In Europe from the eleventh to the fourteenth century, easily transportable in Keeps and Castles tapestries covered walls of stone bringing both warmth and protection.
As a bonus these wonderful works engaged and educated the viewer with colourful illustrative stories By the fourteenth century tapestry was without doubt the greatest of all the forms of artistic expression and by the sixteenth century, was renowned as a transmitter of both wealth and status.
During the sixteenth century, a well-known artist of his time Flemish painter, sculptor, architect, and designer of tapestry and stained glass Pieter Coecke van Aelst (1502-1550) was one of those brilliant individuals who produced stories through drawings, panel painting and cartoons.
They were woven into ‘threads of destiny’ helping introduce ideas of Italian art theory into the Netherlands. At the height of his success van Aelst’s workshop was among the largest in Antwerp.
Characteristics of the tapestries were excellence in design, crispness of execution, wonderful depth of tone, superb richness and exquisite gradations of colour set by mordants such as Alum, a necessary process in fixing natural dyes.
Some nineteen hangings survive to this day, woven to his designs by others, who translated his vision by using silk, wool and precious metal wrapped threads and on a monumental scale.
These stunning Renaissance tapestries were gathered in New York at The Metropolitan Museum of Art in New York (October 8, 2014–January 11, 2015) to provide an insight into his landmark designs, reuniting them with some of his finest surviving drawings and panel paintings.
They provided a long-overdue reassessment of van Aelst’s achievements as a master designer, as well as allowed an investigation of his extensive contribution to the development of what we know now as the Northern Renaissance.
The catalogue for the exhibition was the first monograph of Pieter Coecke van Aelst produced since 1966.
Written by a team of international scholars, and edited by Elizabeth A. H. Cleland, associate curator in the Department of European Sculpture and Decorative Arts at The Metropolitan Museum of Art it was distributed by Yale University Press, its publication made possible by The Andrew W. Mellon Foundation who were the sponsors.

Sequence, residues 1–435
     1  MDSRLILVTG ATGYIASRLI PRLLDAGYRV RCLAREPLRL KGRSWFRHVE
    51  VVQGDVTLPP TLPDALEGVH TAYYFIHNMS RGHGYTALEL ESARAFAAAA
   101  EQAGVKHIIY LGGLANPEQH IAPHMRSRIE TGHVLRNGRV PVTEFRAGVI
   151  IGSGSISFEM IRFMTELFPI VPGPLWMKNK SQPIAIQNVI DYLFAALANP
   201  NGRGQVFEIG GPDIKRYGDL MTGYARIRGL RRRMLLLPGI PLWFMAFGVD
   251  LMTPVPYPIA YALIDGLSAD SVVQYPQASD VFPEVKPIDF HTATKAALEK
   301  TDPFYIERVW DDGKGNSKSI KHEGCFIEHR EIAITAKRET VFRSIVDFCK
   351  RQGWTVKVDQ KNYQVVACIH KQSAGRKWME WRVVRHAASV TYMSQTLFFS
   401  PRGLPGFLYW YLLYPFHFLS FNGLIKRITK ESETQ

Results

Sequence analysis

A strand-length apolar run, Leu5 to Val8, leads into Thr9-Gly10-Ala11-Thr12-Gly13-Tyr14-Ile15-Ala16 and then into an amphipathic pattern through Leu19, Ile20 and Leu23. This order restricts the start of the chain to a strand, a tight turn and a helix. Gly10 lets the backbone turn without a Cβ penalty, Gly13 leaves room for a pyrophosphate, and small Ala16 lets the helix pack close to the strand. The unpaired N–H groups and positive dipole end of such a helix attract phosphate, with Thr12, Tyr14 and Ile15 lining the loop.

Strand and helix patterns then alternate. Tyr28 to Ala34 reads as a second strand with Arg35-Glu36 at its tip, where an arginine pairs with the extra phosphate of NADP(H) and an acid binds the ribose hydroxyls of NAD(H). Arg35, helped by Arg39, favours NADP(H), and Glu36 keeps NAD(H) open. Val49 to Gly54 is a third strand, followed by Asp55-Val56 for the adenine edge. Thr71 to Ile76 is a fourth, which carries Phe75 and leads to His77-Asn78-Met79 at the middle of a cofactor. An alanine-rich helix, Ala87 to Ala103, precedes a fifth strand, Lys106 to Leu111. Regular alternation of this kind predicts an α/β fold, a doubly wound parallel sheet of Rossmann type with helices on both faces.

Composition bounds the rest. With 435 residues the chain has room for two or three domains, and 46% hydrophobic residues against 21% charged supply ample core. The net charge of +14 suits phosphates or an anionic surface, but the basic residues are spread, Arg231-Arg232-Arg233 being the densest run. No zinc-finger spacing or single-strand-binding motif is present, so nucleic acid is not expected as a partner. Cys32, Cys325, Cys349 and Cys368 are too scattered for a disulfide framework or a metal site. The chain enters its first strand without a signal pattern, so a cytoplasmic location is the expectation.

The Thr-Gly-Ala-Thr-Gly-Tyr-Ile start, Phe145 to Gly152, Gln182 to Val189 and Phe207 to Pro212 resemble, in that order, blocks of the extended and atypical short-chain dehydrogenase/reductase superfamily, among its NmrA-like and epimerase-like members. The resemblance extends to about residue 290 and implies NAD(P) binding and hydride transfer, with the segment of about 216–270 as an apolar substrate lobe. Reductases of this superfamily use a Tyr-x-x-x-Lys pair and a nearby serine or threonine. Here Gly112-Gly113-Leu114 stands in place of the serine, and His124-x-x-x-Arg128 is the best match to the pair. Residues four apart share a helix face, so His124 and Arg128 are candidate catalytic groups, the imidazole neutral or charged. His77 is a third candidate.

Training in Antwerp, van Aelst was established by the 1520’s and during the early 30’s he travelled to the Italian peninsula and Constantinople in 1533 where his style was both inspired and nurtured.
Dominating the artists of his time through his ability to provide images for a myriad of media, Pieter Coecke van Aelst was the son of Pieter van Aelst the Elder, who had been a tapestry weaver.
Pieter Coecke van Aelst was also believed to have supported the early career another renowned artist of the time Pieter Bruegel the Elder (1525-1569), who later married his daughter
He became renowned for ground breaking designs for tapestry, understanding how his visions could be transposed into thread with both wit and elegance.
The epic tapestries on view in this wonderful exhibition will be juxtaposed with seven of Coecke’s panel paintings, including a monumental triptych from Lisbon.
There are 36 drawings and prints, including woodcuts and books.
Among the most sumptuous art works of the Renaissance, these tapestries were woven in the great workshops of Brussels.
They were purchased by such luminaries as Charles V Holy Roman Emperor, Francis 1 of France a renowned connoisseur of the arts, Henry VIII in England and Cosimo de Medici at Florence. A superb woodcut frieze fourteen feet in length records his experiences in Constantinople.
He is renowned for translating important architectural treatises into Flemish including that of 1st century ancient Roman architect Marcus Pollio Vitruvius and his contemporary Italian architect Sebastian Serlio (1475-1554)
Serlio’s treatise Tutte l’opere d’architettura published in four books between 1537 and 47 contained the first designs for ornamental parterres to be printed in France.
He published a further four books from 1547 – 1554 and it was translated into French, Flemish, German, Spanish, Dutch and English.
Serlio codified the now five orders of architecture and would have a long ranging influence on the future direction of French architecture, providing illustrations of antique ornament that both builders and craftsmen such as van Aelst eagerly embraced.
Pieter Coecke van Aelst, shortly before his early death aged 48 when his workshop was among the largest in Antwerp, had been appointed court painter to the Holy Roman Emperor Charles V (1500-1558) in recognition of his brilliance.
After his death, his wife, a miniaturist, made woodcuts based on Coecke’s now-lost drawings from his trip to Constantinople in 1533; today these remain a key record of his style.
Coecke’s most admired works were his tapestry designs, which were among the most sumptuous art works produced during period we know as the Renaissance.
He was one of the most influential and celebrated artists of his generation and his workshop among the largest in Antwerp during the first half of the 16th century well known for its quality and excellence.
The tapestries, many of which are on loan for the first time from major royal and national collections of Europe, will reveal the scale, stunning palette and artistic innovation of an important Renaissance master artist.
Carolyn McDowall, The Culture Concept Circle, 2014